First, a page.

Definitions for ligatureˈlɪg ə tʃər, -ˌtʃʊər

This page provides all possible meanings and translations of the word ligature

Princeton's WordNet

  1. ligature(noun)

    (music) a group of notes connected by a slur

  2. ligature(noun)

    character consisting of two or more letters combined into one

  3. ligature(noun)

    a metal band used to attach a reed to the mouthpiece of a clarinet or saxophone

  4. ligature(noun)

    thread used by surgeons to bind a vessel (as to constrict the flow of blood)

  5. binder, ligature(noun)

    something used to tie or bind

  6. tying, ligature(noun)

    the act of tying or binding things together

Wiktionary

  1. ligature(Noun)

    The act of tying or binding something.

  2. ligature(Noun)

    A cord or similar thing used to tie something; especially the thread used in surgery to close a vessel or duct.

  3. ligature(Noun)

    A character that visually combines multiple letters, such as u00E6, u0153, u00DF or u0133; also logotype. Sometimes called a typographic ligature.

  4. ligature(Noun)

    A group of notes played as a phrase, or the curved line that indicates such a phrase.

  5. ligature(Noun)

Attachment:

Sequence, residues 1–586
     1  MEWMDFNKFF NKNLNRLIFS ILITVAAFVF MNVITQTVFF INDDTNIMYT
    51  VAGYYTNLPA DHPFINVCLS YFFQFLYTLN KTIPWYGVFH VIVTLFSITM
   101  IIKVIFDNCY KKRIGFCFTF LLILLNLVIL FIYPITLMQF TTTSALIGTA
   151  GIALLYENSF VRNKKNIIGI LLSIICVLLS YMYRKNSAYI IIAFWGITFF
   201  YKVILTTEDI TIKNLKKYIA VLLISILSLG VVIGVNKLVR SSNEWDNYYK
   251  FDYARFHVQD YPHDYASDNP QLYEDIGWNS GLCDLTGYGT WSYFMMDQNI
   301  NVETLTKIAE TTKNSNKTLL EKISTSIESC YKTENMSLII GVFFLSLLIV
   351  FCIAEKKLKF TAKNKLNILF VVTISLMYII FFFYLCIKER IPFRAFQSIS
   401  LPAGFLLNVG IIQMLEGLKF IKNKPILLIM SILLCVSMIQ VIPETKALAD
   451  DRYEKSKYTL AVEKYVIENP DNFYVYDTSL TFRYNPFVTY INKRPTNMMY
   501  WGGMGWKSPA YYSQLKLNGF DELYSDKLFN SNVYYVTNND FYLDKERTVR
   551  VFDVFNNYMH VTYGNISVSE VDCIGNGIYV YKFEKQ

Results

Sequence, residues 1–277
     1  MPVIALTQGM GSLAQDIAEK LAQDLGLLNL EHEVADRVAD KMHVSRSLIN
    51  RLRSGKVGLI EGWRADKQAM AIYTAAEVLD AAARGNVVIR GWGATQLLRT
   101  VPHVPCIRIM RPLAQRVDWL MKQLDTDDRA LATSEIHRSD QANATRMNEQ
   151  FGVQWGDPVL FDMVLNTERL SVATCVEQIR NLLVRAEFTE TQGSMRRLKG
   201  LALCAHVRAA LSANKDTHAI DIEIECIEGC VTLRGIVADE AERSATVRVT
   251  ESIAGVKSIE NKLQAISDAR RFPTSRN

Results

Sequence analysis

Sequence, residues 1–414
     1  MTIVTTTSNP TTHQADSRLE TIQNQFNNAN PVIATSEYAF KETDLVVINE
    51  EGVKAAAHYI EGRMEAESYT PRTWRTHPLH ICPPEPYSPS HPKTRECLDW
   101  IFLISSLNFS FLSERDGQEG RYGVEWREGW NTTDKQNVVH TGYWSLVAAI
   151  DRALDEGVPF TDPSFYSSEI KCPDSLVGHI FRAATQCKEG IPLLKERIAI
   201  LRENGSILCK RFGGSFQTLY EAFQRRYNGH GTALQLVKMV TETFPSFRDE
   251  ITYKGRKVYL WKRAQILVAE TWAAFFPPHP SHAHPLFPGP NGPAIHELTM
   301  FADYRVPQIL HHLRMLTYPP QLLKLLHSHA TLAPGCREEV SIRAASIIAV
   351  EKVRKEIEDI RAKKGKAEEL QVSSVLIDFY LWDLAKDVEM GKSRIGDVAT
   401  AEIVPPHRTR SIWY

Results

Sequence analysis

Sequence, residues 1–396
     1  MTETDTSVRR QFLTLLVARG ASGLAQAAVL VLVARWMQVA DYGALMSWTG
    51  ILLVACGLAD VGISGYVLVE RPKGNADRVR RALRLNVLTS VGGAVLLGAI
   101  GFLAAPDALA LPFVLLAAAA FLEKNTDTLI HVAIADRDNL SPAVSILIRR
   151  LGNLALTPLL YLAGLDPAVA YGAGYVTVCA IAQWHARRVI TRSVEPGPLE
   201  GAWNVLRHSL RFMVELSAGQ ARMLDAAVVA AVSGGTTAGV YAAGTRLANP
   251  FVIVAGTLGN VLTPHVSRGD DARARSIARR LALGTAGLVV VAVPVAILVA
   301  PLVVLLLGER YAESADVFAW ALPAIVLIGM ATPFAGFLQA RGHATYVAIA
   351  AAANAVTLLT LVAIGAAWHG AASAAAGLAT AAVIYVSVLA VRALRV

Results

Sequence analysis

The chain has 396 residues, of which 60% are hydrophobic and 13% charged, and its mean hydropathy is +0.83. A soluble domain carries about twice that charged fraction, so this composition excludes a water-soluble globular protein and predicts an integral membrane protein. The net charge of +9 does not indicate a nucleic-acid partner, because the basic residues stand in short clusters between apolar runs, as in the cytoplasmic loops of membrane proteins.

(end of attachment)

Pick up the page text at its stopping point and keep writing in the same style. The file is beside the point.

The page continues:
A piece used to hold a reed to the mouthpiece on woodwind instruments.

Webster Dictionary

  1. Ligature(noun)

    the act of binding

  2. Ligature(noun)

    anything that binds; a band or bandage

  3. Ligature(noun)

    a thread or string for tying the blood vessels, particularly the arteries, to prevent hemorrhage

  4. Ligature(noun)

    a thread or wire used to remove tumors, etc

  5. Ligature(noun)

    the state of being bound or stiffened; stiffness; as, the ligature of a joint

  6. Ligature(noun)

    impotence caused by magic or charms

  7. Ligature(noun)

    a curve or line connecting notes; a slur

  8. Ligature(noun)

    a double character, or a type consisting of two or more letters or characters united, as ae, /, /

  9. Ligature(verb)

    to ligate; to tie

  10. Origin: [L. ligatura, fr. ligare, ligatum, to bind: cf. F. ligature. Cf. Ally, League, Legatura, Liable, Ligament.]

Freebase

  1. Typographic ligature

    In writing and typography, a ligature occurs where two or more graphemes or letters are joined as a single glyph. Ligatures usually replace consecutive characters sharing common components and are part of a more general class of glyphs called "contextual forms", where the specific shape of a letter depends on context such as surrounding letters or proximity to the end of a line. By way of example, the common ampersand represents the Latin conjunctive word et, for which the English equivalent is the word "and". The ampersand's symbol is a ligature, joining the old handwritten Latin letters e and t of the word et, so that the word is represented as a single glyph.


Translations for ligature

From our Multilingual Translation Dictionary

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